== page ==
At a previous job, I managed marketing and an ambassador team of over 200 photographers. The job left me jaded as I would wake up every morning to an inbox flooded with emails from aspiring pros and established photographers looking to get notoriety for their work. It got to the point of image overload where everyone’s work started to look the same. Good work was no longer good and great work was few and far between. However, when something stood out, it was usually bad or really good.
Having said that, I have some feedback I know will be beneficial to somebody looking to build a better portfolio site. First and foremost, it’s important to realize what the intended purpose is. Are you trying to attract clients and work, or are you just trying to show off your best photos? Your website is the first impression of you to viewers who do not know you. It’s better to assume that people visiting your site know nothing about you. Leave visitors with intrigue rather than questions. Also think, if you have 3 seconds to hook the attention of the viewer, what can you post first that will cause them to want to see more.
If you’re an unknown entity and needing help being discovered, SEO (Search Engine Optimization) is more than just a marketing buzzword. Most people acquire visitors from Google, Facebook, and Pinterest. Knowing where your audience is will help you better keyword your photos and posts to move you up search ranks and therefore increase visibility and site traffic. While sites like SquareSpace are easy to setup and use, platforms like WordPress allow for a little more flexibility and better SEO tools to help you boost your search ranking. Outside of using a mobile friendly platform, below are four easy things you can do to help with SEO.
(Meta)Tagging - Proper tagging of your images will allow your work to show up in image searches and provide some breadcrumbs to lead people back to your site. This is crucial for those looking to boost their visibility on Google and is easy to do. You can do this in post software or simply right click to view properties or get info on Mac. What also helps is to title it properly using your name, subject name, and location name as part of your naming nomenclature. Eg. Location-Subject-Date-Your_Name.
For step-by-step directions, you can visit this link.
Blog - Type in a city, photographer, and genre into Google and look at the top 5 results. What you’ll see 99.9% of the time is part of their site includes a blog. There are many reasons why implementing a blog is important to your site. It is where you can express who you are and an archive of content related to your target audience. A blog is also an effective way to increase your keywords, decrease bounce, and a place for personal projects not relevant to your primary subject matter. Content is king on the internet, and the more content and engagement (comments) you have, the more likely you’ll show up on search. Who knows, your article may make it viral and be linked by established media, which will skyrocket your search ranking.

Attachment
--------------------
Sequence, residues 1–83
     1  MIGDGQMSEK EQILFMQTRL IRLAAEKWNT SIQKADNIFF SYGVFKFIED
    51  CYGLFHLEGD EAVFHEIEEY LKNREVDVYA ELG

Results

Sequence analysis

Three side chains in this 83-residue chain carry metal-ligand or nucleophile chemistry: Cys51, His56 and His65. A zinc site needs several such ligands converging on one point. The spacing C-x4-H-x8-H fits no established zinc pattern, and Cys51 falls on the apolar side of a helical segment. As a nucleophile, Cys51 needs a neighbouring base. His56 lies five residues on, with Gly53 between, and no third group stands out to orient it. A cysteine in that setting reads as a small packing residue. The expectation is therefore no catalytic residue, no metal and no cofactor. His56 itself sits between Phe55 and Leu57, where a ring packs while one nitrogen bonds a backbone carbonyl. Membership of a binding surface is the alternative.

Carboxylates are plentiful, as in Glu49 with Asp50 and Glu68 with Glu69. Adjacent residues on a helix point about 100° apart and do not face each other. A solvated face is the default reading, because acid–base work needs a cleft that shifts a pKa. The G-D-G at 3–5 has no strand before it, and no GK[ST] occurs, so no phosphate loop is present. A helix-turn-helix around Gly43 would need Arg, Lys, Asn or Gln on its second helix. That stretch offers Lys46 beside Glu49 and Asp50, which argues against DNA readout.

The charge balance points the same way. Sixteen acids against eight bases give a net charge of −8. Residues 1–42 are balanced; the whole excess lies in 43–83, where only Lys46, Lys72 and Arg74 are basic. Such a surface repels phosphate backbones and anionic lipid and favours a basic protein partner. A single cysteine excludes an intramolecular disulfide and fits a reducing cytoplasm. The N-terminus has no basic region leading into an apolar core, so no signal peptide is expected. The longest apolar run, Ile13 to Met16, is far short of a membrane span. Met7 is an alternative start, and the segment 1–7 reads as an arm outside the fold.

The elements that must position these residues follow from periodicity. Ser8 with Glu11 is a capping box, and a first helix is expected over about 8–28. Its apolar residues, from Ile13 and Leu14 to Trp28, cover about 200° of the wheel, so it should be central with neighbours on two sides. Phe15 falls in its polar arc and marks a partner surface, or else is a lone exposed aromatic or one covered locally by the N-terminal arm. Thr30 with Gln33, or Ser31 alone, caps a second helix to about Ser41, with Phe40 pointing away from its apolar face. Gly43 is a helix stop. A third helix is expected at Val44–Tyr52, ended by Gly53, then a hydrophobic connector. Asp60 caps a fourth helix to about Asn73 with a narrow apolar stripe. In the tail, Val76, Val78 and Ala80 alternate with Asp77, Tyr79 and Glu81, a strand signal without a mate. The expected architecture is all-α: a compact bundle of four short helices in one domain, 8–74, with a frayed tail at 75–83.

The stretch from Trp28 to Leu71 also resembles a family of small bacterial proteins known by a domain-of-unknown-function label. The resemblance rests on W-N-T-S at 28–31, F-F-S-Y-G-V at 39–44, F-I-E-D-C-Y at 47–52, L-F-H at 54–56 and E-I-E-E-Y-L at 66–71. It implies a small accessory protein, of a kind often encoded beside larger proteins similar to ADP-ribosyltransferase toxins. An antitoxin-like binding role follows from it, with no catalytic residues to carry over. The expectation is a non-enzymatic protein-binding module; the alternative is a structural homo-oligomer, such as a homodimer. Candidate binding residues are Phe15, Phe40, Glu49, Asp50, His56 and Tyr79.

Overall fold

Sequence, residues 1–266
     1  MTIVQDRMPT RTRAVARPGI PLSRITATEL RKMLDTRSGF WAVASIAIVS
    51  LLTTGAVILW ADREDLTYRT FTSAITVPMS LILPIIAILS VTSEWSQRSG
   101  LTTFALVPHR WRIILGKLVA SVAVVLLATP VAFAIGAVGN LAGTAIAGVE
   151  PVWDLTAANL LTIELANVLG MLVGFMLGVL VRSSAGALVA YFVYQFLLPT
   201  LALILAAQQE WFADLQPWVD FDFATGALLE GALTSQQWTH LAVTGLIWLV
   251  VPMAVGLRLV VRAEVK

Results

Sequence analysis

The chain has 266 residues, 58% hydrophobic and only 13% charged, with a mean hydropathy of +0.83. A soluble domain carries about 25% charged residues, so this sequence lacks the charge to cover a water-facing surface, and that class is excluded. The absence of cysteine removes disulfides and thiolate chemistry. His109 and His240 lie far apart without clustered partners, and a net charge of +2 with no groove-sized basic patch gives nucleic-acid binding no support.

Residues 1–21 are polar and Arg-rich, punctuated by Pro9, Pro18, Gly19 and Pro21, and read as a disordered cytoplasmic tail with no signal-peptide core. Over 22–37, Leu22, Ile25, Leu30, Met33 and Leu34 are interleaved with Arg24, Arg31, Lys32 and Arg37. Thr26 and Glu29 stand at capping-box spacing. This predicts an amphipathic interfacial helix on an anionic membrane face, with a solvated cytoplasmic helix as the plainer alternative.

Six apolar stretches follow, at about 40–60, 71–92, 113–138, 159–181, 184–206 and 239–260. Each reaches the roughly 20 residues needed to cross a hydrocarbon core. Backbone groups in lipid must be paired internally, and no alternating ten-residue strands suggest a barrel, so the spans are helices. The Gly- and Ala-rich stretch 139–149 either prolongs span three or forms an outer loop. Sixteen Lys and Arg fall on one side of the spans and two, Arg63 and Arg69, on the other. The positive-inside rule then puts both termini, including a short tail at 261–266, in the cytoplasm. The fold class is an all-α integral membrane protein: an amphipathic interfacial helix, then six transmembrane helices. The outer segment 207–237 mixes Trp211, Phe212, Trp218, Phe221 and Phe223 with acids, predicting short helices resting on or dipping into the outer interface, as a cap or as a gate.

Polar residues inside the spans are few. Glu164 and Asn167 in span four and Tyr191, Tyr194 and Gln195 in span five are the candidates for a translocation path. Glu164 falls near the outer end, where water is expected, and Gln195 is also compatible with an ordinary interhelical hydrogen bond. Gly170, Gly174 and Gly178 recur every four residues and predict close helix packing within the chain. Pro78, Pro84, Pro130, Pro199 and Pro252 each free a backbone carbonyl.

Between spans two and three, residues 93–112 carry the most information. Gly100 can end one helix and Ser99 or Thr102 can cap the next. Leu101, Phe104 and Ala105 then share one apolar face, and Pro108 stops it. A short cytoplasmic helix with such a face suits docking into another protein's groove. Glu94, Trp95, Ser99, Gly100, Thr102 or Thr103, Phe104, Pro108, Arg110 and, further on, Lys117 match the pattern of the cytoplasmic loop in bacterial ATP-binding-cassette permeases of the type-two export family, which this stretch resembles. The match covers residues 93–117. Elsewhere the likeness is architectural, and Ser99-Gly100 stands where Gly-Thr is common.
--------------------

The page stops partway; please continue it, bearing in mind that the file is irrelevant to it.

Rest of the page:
Know your specialty, sometimes less is more. This is where everything comes together. If you want to be a portrait photographer, have lots of portraits (For me, it’s a turnoff when I see the same subject from the same shoot multiple times). If you’re getting started, have your homepage be your best image, followed by a library of your best works separated by related genres. The more, the better - as long as the work is quality and there’s variance between the images. Going back to my days hiring and sponsoring photographers, I was immediately turned off when I would visit a site and see a hodgepodge of images like urbex, weddings, and action sport. While they may be that individual’s best work, they should not go together as it confuses the messaging. Imagine if you’re a prospective client looking for a wedding photographer and you see images of a snowboarding along with engagement photos.
You can mix content as long as it relates to each other, but try to emphasize a singular message. If you shoot landscapes and want to do commercial landscape work with people, have images of landscapes into one tab, and put advertising type work into another tab labeled “People” or “Advertising”. If you want to promote yourself shooting unrelated subjects, put it in your blog, create a separate site for altogether, or have a tab called personal projects and organize it in a body of work. If you shoot landscapes and want to do commercial landscape work with people, have images of landscapes into one tab, and put advertising type work into another tab labeled “People” or “Advertising”.
Social Links and social sharing integration. Make it easy for visitors to share your work and to follow you. All platforms should have a plugin for social links and easy image/page sharing buttons. This will increase sites linking in, which will boost your SEO ranking as well.
Got a suggestion or a comment? Let me know below.
Till next time. -Sinh Truong